Virginia Law Weekly Nabs ABA Award for Best Newspaper

September 8, 2006
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Virginia Law Weekly staff (from left) Ulrick Casseus, Chris Tucker, John Kabealo, Anna Nisbet, Drew Snyder, Lauren Rogoff, Toby Mergler, Michael Seeligson, Julian André, and Seth Brostoff.

The Virginia Law Weekly is used to giving others a "thumbs up," but recently they received one themselves-from the American Bar Association. The ABA awarded the student-run publication Best Newspaper at their annual meeting in August, in a contest that included 15 other law schools. The Georgetown University Law Center and the Cleveland-Marshall College of Law had dominated the category since 2001, so the award came as a pleasant surprise and a notable triumph for the paper's staff.

The Law Weekly, which publishes 26 issues a year, is known for its irreverent, tongue-in-cheek columns, but also for its extensive coverage of law school events, its humorous weekly collection of faculty quotes overheard in class, and its sometimes-controversial "ANG" (Around North Grounds) feature, which offers a mix of student and newspaper staff opinions delivering thumbs-up or -down to everything from the parking space lottery to Hurricane Ernesto.

"We thought for a minute about not applying because it was the end of the school year and finals were starting," said editor-in-chief John Kabealo, who served as managing editor for the paper last year. But the staff picked out their five best issues "and never gave it another thought."

The Law Weekly staff were unaware they had won when classes began in late August-they didn't attend the awards ceremony because of the expense of traveling to Chicago. A mysterious box sat in a pile of mail in the Law Weekly office for days unopened.

"Finally our news editor, Chris Tucker, grabbed the box and opened it up and there's a plaque in it," Kabealo said. Even then, the wording of the award was ambiguous enough that it took some googling to find out that they had indeed taken the top prize.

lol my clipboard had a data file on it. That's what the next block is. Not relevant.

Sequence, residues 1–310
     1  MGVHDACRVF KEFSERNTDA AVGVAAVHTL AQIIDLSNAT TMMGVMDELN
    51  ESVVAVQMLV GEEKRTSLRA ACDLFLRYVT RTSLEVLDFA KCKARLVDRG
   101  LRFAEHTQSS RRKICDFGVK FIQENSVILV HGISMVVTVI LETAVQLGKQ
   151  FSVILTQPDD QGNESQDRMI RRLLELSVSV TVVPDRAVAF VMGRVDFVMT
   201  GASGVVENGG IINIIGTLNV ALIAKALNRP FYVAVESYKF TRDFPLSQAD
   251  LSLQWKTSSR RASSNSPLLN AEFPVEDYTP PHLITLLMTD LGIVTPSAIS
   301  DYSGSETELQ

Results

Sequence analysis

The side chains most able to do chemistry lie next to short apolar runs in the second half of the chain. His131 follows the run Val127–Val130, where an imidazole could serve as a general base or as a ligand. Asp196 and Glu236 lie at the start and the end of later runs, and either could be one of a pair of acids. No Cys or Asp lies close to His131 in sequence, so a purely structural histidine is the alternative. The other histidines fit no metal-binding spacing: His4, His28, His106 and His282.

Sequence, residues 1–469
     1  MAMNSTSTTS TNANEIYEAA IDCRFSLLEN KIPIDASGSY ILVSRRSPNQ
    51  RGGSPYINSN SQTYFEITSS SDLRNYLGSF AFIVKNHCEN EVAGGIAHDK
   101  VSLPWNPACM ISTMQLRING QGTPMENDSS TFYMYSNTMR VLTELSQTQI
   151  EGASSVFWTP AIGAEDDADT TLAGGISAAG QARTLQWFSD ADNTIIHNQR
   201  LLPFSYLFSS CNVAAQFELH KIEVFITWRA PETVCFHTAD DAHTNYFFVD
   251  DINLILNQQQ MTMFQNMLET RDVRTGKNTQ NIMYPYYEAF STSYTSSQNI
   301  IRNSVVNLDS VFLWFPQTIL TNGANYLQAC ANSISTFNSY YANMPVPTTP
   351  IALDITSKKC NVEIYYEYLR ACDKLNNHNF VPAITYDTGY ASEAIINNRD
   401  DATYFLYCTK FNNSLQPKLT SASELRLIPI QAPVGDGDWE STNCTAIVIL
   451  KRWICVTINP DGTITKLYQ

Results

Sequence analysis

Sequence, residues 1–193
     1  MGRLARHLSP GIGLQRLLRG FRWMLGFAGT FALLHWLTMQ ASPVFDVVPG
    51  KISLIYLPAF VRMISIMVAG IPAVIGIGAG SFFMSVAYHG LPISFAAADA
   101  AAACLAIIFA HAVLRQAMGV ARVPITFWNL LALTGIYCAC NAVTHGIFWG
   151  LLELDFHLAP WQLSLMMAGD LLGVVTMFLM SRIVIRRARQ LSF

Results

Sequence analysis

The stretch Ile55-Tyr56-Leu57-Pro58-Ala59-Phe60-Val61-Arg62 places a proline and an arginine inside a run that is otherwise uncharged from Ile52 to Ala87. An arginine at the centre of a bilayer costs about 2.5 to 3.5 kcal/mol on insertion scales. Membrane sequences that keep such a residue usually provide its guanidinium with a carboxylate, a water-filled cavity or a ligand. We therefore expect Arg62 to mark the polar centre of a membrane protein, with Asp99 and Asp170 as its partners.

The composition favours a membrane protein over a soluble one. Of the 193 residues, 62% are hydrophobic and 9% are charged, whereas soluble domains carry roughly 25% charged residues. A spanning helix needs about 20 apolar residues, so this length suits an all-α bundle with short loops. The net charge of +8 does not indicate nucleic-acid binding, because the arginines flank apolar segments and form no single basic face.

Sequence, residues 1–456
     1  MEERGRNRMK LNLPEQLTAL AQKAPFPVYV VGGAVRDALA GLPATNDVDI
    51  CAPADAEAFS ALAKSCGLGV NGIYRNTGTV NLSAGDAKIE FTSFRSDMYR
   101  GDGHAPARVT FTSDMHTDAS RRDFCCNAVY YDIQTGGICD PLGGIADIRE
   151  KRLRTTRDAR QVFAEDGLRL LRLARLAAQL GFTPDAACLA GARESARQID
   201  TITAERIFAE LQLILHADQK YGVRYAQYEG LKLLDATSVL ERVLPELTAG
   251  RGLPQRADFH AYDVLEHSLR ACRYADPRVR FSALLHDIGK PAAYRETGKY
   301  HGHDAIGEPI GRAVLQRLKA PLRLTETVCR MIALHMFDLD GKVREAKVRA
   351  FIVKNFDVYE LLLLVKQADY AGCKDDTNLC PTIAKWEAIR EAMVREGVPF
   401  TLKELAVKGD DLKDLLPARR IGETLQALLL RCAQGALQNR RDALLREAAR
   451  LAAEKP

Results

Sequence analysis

Kabealo credited the win to the Law Weekly staff as a whole and to former editor-in-chief Lee Kolber, who made it a priority to upgrade the organization's decade-old computers and software.

With the new equipment, current third-year law student Joey Katzen was able to redesign the newspaper's layout.

"The new layout featured more modern fonts and graphics but still preserved classic Jeffersonian tradition with Jefferson's image on the masthead and other features. I think the updated look really gave the paper some visual pop and drew the reader into our improved content," Kolber said. "We were also lucky to have a dedicated and very creative staff last year. I think the combination of the new layout, great photographs and creative writing must have been the deciding factor."

Katzen, John Sheehan, and Drew Snyder redesigned the newspaper's Web site as well, providing easy access to students or alumni off Grounds. Kabealo also praised production editor Josephine Liu's layout skills. "You never have to worry when she's around," he said. The staff has grown to about 35 in the past year, with just as many first-year students expressing interest in getting involved, he noted.

Other law school papers might feature a couple of articles in each issue, but "our newspaper reflects the higher level of commitment that we have and it also is a reflection of U.Va. Law generally," Kabealo said. "Dean Jeffries likes to say it's the voice of the institution. After having been here two years going on three, I think that's a pretty apt remark."


Founded in 1819, the University of Virginia School of Law is the second-oldest continuously operating law school in the nation. Consistently ranked among the top law schools, Virginia is a world-renowned training ground for distinguished lawyers and public servants, instilling in them a commitment to leadership, integrity and community service.

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